The Lend Lease Administration3 so far has taken the standpoint that war material and other goods could be supplied to allied nations but no cash for the payment of wages and salaries. As a general principle, this is completely understandable if applied to countries which can provide the necessary cash for the out-of-pocket expenses themselves—occupied countries cannot do this—by taxation of their subjects, and if the money raised by taxation is insufficient to pay for the war effort, they can issue additional currency and float internal loans.

However, because our country is occupied by the enemy, we are in a completely different situation—we cannot tax its population and [Page 451] we cannot float internal loans to finance our armed forces. This does not mean, however, that whereas the public debts of our allies are steadily increasing, we should be financially in a better position. Just the reverse is true. Not only have the enemies destroyed part of our country—and I remind you of Rotterdam—but they also stripped our country of all the material wealth it possessed. Although we cannot even make a rough estimate of the value of the stolen and to Germany transported goods and of the loss caused by the destruction of houses, factories, industries, livestocks, etc., we know from available data—for instance, the latest Annual Report of the Netherlands Bank—that our public debt, which before the war amounted to approximately three billion guilders, equivalent to about one and one-half billion dollars, has risen to no less than twelve billion guilders, or about six million [billion] dollars.

What now is the value of cash money for us, as compared to its significance for other countries? For us, cash money carries exactly the same character as commodities do for other countries. We must buy foreign currency exactly as, for instance, England has to buy foods and commodities, and we buy what actually for us is tantamount to a commodity, foreign currency, against our gold holdings or, as explained above, against the proceeds of cargoes and ships.

If our allies could accept our currency, or if we could pay our salaries and wages in our currency, we would be in a like position as that of other countries; but unfortunately, this is not the case.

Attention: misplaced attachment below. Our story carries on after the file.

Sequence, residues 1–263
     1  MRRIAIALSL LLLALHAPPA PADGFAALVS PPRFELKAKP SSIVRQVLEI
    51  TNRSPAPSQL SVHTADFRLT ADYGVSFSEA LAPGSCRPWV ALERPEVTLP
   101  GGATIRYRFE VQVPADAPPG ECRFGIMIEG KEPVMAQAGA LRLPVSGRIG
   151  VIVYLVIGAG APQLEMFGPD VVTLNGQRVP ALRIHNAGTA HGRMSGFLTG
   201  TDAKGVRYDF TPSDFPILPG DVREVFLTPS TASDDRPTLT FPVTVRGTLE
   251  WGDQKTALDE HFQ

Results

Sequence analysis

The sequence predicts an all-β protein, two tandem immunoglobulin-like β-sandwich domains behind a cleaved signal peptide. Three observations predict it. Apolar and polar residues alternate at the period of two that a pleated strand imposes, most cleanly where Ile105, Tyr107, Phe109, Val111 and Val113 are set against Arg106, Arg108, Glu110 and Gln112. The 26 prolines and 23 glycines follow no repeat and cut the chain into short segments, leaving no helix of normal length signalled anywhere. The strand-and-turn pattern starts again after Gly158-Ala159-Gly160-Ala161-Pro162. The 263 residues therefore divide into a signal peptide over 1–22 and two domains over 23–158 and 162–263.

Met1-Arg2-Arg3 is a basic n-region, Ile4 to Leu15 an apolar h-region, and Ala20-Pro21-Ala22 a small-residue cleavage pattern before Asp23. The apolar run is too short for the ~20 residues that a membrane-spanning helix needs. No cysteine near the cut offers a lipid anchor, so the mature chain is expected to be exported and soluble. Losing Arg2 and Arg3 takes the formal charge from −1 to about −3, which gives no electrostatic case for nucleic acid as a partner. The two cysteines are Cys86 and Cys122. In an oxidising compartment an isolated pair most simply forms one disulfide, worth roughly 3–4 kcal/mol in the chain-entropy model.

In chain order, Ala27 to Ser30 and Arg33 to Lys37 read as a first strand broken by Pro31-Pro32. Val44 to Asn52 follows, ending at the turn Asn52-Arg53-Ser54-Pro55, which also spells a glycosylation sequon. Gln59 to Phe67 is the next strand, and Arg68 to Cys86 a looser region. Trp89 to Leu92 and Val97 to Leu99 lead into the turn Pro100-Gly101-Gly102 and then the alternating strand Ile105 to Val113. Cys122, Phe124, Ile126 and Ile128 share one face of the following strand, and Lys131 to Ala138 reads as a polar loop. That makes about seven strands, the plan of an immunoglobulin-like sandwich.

Are there other possibilities to acquire the necessary funds than out of the assets at our disposal?

We have already explained that we have practically no free assets left. Very shortly after the invasion of Holland, namely on May 24th, 1940, the Government of The Netherlands issued a Royal Decree in which it took title to all property and assets in foreign countries belonging to Netherlands subjects, resident in occupied Netherlands, but with the provision to return those properties, or their equivalent, to the original owners not later than three months after the cessation of hostilities.

The free means at the disposal of the Government do not include the assets to which the Government took title under that Royal Decree. Those assets are also blocked by the so-called freezing measures taken by the American and British Governments. The British Government is negotiating an agreement with the Government of the Netherlands by virtue of which those assets can be freely used by our Government. This agreement although not yet signed, is completed in substance.

Regarding our expenditure for the direct war effort, our Government is of the opinion that since we have almost completely exhausted our available means and have no sources of income whatsoever left, [Page 452] our allies should assist us in acquiring the commodity—in our case, cash—necessary to carry on the fight. The conditions on which such cash can be provided, whether under lend-lease or in another way, are, in our opinion, a matter for further discussion and negotiation.

But we want to stress especially the fact that cash supplied to us will be the complete equivalent of goods supplied under lend-lease to others.